20 thoughts on “Thank dunk for that!: The nation’s love affair with the biscuit

  1. Oh yes, biscuit joy. Definitely of more significance than pure sugar rush. For me, a biscuit is emblematic of a break from doing things that are more boring than eating biscuits, like filling in forms. And sharing. I like the sharingness of biscuits. Like a party in a packet.

  2. The Spouse and I lost 16 kilos each (over about a year, maybe more) when we gave up starchy things. Sadly biscuits went under the mallet; but we stepped forth with a spring in the heart into Chocolate Land. Choc has an undeserved bad press, we now indulge to our hearts’ contents—so, favourites? Lindt’s Lindor is hers, I prefer the indigenous (NZ) Whittackers ‘Creamy Milk’; and open season on choc beats limited bikkies any day.

    • Like biscuits, I accept any form of chocolate, and would probably go for chocolate over a biscuit. Will do a piece about chocolate at some stage; thanks for reading!

  3. Entertaining read on biscuits. To be honest, I never thought about them too much as I cram them in my mouth at snack time. This post is making my mouth water…

  4. Thanks for checking out my blog! The importance of biscuits (and tea) is the best thing I’ve picked up on during my time in England – a lesson far more important than anything pertaining to my degree, of course…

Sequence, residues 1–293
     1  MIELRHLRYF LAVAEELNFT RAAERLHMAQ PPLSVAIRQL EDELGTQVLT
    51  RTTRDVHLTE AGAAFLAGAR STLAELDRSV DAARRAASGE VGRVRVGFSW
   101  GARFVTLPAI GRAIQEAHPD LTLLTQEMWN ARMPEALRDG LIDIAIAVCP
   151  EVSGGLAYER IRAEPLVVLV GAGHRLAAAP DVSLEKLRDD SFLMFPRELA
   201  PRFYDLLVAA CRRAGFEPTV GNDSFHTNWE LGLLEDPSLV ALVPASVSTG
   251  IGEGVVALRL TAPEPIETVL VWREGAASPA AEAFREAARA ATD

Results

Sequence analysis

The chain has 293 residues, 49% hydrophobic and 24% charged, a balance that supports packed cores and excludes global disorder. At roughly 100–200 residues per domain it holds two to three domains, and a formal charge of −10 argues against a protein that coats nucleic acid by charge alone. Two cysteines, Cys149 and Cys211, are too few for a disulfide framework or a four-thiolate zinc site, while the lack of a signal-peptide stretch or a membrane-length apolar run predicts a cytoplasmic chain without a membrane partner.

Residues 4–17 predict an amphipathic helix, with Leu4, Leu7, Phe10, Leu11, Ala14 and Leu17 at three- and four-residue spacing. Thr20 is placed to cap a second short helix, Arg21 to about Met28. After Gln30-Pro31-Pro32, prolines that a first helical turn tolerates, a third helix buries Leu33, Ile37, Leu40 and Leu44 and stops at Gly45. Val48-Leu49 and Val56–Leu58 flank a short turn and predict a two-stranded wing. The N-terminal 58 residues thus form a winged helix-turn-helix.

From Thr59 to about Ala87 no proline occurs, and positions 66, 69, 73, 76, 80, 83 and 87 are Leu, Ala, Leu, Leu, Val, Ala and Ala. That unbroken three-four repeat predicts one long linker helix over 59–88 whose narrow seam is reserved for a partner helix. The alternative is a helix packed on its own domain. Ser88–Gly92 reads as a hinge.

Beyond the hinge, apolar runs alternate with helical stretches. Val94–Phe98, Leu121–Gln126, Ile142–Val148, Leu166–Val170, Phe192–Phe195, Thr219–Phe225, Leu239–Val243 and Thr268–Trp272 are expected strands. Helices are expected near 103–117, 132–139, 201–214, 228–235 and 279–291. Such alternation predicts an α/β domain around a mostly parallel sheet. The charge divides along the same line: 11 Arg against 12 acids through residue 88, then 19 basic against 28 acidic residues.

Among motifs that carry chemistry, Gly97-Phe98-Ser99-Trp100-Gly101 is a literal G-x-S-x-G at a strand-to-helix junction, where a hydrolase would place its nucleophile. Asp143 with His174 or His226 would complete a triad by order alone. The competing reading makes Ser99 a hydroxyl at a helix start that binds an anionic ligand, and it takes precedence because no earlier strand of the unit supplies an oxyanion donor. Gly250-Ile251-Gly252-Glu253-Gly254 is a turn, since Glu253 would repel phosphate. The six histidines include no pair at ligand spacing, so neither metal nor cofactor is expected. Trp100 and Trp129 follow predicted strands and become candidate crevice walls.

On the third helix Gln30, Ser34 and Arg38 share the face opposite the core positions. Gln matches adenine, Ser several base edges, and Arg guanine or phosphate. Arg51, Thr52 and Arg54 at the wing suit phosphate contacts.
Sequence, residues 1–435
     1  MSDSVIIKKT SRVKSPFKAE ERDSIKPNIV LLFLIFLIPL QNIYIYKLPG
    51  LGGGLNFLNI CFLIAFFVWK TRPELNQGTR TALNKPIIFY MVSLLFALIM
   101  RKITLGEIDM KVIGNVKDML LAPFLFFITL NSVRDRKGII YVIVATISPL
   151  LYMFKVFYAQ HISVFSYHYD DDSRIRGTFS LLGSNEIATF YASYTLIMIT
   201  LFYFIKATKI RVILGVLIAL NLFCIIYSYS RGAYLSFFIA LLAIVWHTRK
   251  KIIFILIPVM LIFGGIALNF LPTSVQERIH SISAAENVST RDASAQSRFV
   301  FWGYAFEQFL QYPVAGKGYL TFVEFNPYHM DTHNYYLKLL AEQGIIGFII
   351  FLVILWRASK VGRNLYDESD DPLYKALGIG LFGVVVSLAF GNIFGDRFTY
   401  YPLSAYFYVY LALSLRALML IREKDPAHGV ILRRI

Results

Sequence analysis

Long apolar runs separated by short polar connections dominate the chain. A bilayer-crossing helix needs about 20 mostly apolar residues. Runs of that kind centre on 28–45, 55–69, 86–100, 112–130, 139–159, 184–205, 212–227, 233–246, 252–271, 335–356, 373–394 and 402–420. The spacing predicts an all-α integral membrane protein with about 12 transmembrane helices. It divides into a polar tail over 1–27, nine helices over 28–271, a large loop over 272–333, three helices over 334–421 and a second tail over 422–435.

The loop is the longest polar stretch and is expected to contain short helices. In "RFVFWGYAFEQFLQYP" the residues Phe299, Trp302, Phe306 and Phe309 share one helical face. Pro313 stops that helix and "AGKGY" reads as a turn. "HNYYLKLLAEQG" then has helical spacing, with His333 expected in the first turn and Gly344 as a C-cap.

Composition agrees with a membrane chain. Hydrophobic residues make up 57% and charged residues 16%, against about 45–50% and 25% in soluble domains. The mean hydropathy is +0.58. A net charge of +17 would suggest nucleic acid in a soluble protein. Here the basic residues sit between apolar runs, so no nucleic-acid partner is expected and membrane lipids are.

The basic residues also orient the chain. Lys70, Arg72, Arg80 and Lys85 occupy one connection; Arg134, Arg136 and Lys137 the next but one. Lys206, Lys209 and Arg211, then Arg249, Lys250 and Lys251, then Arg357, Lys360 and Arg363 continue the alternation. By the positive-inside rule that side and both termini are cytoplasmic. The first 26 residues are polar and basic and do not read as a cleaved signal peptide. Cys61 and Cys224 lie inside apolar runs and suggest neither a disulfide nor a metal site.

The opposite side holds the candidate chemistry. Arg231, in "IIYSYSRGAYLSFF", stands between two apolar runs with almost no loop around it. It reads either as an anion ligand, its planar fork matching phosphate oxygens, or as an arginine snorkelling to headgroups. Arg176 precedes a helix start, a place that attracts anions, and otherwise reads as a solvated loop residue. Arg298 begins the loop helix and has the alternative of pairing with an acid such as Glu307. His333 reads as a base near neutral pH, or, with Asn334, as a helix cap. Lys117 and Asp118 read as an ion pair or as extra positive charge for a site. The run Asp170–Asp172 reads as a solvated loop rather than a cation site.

5. I cannot eat biscuits in quantities less than a packet… it is tragic!
    If the ‘original’ biscuit is more a dried, not-so-sweet concoction, does that make the American biscuit, which is more like a scone, closer to the original idea? Also, why do Americans call them cookies instead? Mysteries!

    • Hmmm… good question. I’m not 100% sure about that, but I did some research and the Americans started to use the word ‘biscuit’ to describe a sort of baked cake thing and it stuck with what they call biscuits today. And as for us Commonwealthers, it’s hard to imagine that a ‘cookie’ in America is an all-encompassing term – very confusing!

  6. As an English ex-pat (now in Australia) I absolutely agree with the mother nation’s biscuit obsession. I love nothing more than a good hot cup of tea (solves any problem) with a Hob Nob or chocolate Digestive. Or… have you tried a Tim Tam? On most occasions I’m pretty loyal to goods from Britain (eg. Branston pickle. Nothing compares) but this biscuit is absolute chocolate perfection. Especially when eaten in “Tim Tam slam” form; completely uncouth but absolutely delicious. Great post!

      • Yeah Australian. They’re made by the Arnotts company (which was originally Australian, but it’s now been bought by an American company. I’ll reserve comment!). Definitely come visit. Australia is an awesome place. It’s winter here at the moment and sunny most days 🙂

  7. Tim Tams are very similar to Penguins, but with more chocolate and less crispiness. THey go soggy if you dip them in your tea for too long. I would like someone to come up a Tim Tam Penguin Oz-Brit Fusion Biscuit. That would be most delicious.

  8. I am a real Anglofile & went on many Holidays with my parents to the Uk, Wales & Scotland! I even like to dunk my biscuits in tea! 🙂